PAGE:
UPDATE (Feb. 20, 2020, 12:45 p.m. ET): This piece has been updated to reflect Roger Stone's sentence. On Thursday, Judge Amy Berman Jackson sentenced Stone to 3 years, 4 months in federal prison.
On Feb. 10, federal prosecutors recommended that Republican operative and Trump associate Roger Stone be sentenced to seven to nine years in prison for crimes including witness tampering and making false statements. In the middle of the night, the president lashed out, tweeting that the sentencing request was “horrible,” “very unfair” and a “miscarriage of justice.” The following day, all four prosecutors withdrew from the Stone case, with one, Jonathan Kravis, immediately resigning from the Department of Justice.
Later that day, the interim U.S. attorney for D.C., Timothy Shea — a former adviser to Attorney General William P. Barr — filed an updated memo saying that the original sentencing request “did not accurately reflect the Department of Justice’s position on what would be a reasonable sentence” and the sentence originally requested “would not be appropriate or serve the interests of justice in this case.”
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This series of events sent shock waves through the network of former Justice Department prosecutors and officials. Why? Because it signals a new and dangerous chapter in the politicization of the department by Donald Trump and William Barr.
Stone’s conviction in November was secured by a team of career public servants who prosecuted the case ethically, professionally and successfully, securing convictions on all seven counts. As in nearly every federal case, once a defendant is found guilty, the U.S. Probation and Pretrial Services Office, an arm of the court, prepares a report calculating the applicable sentencing range. In Stone’s case, that sentencing range was determined to be seven to nine years in prison. Such guidelines are used in every federal case to come up with a fair and appropriate sentencing range.
Not surprisingly, the prosecutors agreed that seven to nine years was indeed appropriate for Stone, given federal guidelines. It is extremely rare for prosecutors to recommend a sentence below the guideline range especially when, as here, there are aggravating factors. Stone attempted to tamper with witnesses while he was being prosecuted and antagonized the judge by violating a gag order.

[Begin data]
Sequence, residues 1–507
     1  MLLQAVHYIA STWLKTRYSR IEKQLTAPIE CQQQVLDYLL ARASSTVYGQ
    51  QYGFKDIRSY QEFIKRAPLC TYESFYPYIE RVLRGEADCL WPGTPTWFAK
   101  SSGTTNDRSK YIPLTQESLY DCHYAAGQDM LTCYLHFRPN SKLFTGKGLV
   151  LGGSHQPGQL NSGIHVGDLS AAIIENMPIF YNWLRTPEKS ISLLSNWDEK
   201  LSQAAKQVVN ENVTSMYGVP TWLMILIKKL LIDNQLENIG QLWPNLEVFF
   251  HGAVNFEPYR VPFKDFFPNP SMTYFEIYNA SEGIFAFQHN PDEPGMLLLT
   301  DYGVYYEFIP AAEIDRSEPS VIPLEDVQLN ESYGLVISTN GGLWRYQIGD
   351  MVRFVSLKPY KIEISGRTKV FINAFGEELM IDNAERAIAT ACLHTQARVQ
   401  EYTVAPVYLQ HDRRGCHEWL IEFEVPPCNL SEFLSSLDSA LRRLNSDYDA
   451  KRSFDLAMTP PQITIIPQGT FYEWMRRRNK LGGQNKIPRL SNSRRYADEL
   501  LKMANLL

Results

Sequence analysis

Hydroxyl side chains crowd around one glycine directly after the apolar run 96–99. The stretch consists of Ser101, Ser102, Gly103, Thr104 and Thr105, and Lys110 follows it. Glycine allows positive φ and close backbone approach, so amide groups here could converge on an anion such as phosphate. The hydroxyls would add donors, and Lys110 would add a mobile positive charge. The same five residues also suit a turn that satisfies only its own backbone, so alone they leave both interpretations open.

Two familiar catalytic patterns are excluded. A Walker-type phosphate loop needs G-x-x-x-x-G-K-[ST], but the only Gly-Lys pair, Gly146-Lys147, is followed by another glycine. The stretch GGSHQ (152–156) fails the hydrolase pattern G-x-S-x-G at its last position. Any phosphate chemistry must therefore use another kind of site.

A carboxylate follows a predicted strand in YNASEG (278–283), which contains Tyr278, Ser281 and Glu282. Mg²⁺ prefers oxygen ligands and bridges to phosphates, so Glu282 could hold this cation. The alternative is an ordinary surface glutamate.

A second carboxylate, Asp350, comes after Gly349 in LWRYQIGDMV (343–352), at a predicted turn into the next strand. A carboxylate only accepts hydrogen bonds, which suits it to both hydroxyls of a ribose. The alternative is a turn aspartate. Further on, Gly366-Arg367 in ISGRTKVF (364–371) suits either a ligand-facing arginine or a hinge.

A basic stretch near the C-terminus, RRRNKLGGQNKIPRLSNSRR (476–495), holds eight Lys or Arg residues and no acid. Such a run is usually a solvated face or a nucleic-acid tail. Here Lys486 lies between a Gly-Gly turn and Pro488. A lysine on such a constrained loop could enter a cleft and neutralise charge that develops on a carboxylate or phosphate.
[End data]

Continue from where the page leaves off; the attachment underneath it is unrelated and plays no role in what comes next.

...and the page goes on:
On Feb. 20, Stone was sentenced to 40 months in prison, a $20,000 fine, two years of probation and 250 hours of community service. Stone's lawyers had pushed for probation only, and declined the offer. Trump, too, had suggested that Stone did not deserve to jail time.
But let’s be clear about what this controversy is not about: This isn’t about what Stone’s actual sentence should be or whether the Federal Sentencing Guidelines are inappropriate. Conservatives complaining that Stone's sentencing recommendation was so harsh it warranted DOJ interference are missing the point. If Trump and his allies want to have a discussion about sentencing reform — for all defendants, not just ones the president wants to protect — we can do that in a separate conversation.
Conservatives complaining that Stone's sentencing recommendation was so harsh it warranted DOJ interference are missing the point.
This is about the attorney general and political appointees reversing decisions of career prosecutors without cause. Americans trust prosecutors to make decisions every day in our justice system that are based on facts and law, not politics or cronyism.
But more important, there can be little doubt that this dramatic turnabout in the prosecution’s sentencing recommendation was the product of political meddling. Such meddling has infected the DOJ and is clearly impairing its ability to function. Trump’s tweets confirm this.
The DOJ has been able to function despite the corruption and chaos of the Trump administration in large part because of the rank and file career prosecutors. These men and women serve under both Democratic and Republican administrations (as we both did as assistant United States attorneys who served regardless of the politics of any particular administration) and are supposed to be insulated from the political whims of presidents or other outside forces. The political appointees — the attorney general and United States attorneys — are supposed to ensure that politics do not influence charging or sentencing decisions.
This is a matter of principle, and it is vitally important to both the Department of Justice and America’s justice system overall. But the system is only as strong as the people who serve it. Instead of standing up to his new boss, Timothy Shea put politics in front of principle. (Adding insult to injury, it seems Shea's predecessor was prematurely removed from the job by Barrr.)
When both the U.S. Probation Office and the Pretrial Services Office and the prosecutors who know the case best agree that a seven- to nine-year sentence is appropriate, the fact that a presidential tweet can result in a reduced sentence is a sign that the criminal justice system is being corroded from the inside out. It is a move that smacks of cronyism, favoritism and exploitation.
We already witnessed plenty of evidence that this was happening during Robert Mueller’s investigation, especially from the attorney general. Barr’s gross distortion of the Mueller report’s findings led to calls for him to step down. He did not. And now we are facing the same situation all over again.
The DOJ is turning into an organization that unjustly pursues the president’s perceived enemies and unjustly favors his friends, allies and cronies. And it’s happening right in front of our noses. These resignations are only the latest alarm bells. But the fire’s been burning for months.